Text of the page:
The last paragraph in the piece is treated as something solemn.  L&F Advocacy Director Joan Burke tells people to "put themselves in the shoes of a homeless person. 'Some people will actually be in danger. Some will be cited for illegal camping. I believe none of them  will have a  [restful] night.'"
Really!? NONE of them will have a restful night. I think that what is revealed, here, is that Joan has never been a homeless person. A lot of people may not be highly comfortable in the spot where they choose to sleep, but the matter of being tired and needing sleep results in people getting sleep and, usually, waking up and finding that they are satisfactorily rested and ready for the morning.

Saturday, July 1, 2017

Three quotes, one from Einstein another from Dave -- or brother Glenn -- of Dave's Killer Bread, and the third comes from Orwell

Three quotes came at me and I liked them so much I've determined I must share them.

The first is the beginning of something written by Albert Einstein that comes to me from a short podcast episode from 60-second science.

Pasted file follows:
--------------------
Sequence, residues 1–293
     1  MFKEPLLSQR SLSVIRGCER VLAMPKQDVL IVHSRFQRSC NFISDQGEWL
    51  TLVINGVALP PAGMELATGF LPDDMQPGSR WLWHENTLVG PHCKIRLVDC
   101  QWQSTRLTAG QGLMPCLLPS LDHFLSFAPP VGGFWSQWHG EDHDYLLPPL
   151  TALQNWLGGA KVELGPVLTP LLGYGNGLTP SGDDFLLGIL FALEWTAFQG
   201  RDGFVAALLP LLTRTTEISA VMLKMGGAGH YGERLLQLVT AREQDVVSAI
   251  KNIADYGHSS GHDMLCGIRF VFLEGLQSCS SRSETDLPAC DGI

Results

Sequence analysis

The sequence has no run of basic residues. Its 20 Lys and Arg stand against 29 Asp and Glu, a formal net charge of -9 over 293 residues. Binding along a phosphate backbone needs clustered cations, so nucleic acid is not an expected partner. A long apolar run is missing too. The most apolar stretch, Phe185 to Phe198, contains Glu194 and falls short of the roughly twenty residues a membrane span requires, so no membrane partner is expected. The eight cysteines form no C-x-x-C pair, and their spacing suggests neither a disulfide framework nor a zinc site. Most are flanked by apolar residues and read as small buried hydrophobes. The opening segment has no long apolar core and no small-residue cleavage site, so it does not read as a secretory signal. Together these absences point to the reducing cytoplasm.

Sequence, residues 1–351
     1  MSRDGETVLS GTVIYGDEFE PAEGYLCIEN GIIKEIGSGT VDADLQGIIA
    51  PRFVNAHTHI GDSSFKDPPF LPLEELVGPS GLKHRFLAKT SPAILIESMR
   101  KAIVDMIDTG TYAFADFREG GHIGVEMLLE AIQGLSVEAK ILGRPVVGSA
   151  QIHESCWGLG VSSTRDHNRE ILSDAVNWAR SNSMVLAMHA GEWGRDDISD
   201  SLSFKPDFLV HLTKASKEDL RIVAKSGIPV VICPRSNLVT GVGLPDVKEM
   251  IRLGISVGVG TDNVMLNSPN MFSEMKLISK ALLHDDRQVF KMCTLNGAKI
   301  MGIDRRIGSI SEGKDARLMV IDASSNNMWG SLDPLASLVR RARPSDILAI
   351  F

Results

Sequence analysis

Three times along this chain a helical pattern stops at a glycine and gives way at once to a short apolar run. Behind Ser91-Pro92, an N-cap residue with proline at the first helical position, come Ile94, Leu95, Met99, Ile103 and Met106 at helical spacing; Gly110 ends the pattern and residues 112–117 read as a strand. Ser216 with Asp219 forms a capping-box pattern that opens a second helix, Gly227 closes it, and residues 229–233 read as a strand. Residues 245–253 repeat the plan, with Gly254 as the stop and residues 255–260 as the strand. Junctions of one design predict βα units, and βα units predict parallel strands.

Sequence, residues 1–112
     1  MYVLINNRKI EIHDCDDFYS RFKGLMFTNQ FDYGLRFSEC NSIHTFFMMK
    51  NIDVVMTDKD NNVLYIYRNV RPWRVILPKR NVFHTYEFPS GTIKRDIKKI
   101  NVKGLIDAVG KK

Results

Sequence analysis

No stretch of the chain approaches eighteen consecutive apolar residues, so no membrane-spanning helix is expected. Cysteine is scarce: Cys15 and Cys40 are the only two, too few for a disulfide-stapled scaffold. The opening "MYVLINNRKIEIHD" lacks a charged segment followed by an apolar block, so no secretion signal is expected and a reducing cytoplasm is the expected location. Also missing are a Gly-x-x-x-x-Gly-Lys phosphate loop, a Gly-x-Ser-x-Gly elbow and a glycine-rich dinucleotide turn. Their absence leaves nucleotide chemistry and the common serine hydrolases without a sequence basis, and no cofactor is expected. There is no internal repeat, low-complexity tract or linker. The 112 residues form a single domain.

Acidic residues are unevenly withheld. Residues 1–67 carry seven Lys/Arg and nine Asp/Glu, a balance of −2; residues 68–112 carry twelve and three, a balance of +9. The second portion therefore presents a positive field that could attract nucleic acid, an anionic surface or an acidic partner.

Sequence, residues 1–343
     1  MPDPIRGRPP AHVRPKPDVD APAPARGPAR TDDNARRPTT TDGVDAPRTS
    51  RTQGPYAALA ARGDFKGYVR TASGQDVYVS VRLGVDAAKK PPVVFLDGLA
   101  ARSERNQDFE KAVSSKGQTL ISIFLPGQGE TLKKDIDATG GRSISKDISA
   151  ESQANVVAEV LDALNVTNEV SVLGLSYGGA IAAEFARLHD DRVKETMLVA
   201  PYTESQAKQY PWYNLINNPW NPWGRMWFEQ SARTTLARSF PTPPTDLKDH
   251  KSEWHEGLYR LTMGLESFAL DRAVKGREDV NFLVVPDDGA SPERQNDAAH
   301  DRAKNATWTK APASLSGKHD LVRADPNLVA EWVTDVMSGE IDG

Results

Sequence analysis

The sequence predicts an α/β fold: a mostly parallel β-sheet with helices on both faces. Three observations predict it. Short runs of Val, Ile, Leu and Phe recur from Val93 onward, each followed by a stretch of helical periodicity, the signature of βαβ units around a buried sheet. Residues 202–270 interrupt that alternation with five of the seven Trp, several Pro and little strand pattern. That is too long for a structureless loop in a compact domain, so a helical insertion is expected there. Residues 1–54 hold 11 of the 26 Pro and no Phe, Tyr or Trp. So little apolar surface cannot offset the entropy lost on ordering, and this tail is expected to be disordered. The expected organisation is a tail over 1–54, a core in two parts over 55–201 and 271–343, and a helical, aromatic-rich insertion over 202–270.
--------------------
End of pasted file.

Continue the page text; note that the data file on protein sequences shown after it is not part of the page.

It goes thus,
Striving for social justice is the most valuable thing to do in life. -- Einstein
Einstein was primarily speaking about the treatment of black Americans, just after World War II ended. He knew that black students at Princeton, where Einstein was a resident scholar, were mistreated in ways that reminded him of the continuing troubles of Jews in Europe.

I still hope to find the paper or book where the Einstein quote first appeared.

I did find the book "How to Think Like Einstein" that includes the quote and provides some valuable information.
"How to Think..." dates the quote in 1934, which is, of course before WWII, rather than after it. There is bit more information about Einstein's liberal sympathies with humanity if you click the link, above.
Dave -- or, more likely, his brother Glenn -- has some important things to say on the packaging of the many varieties of Dave's Killer Bread nutritious and delicious bread products.

Here's what the bread wrappers have to say...
15 years in prison.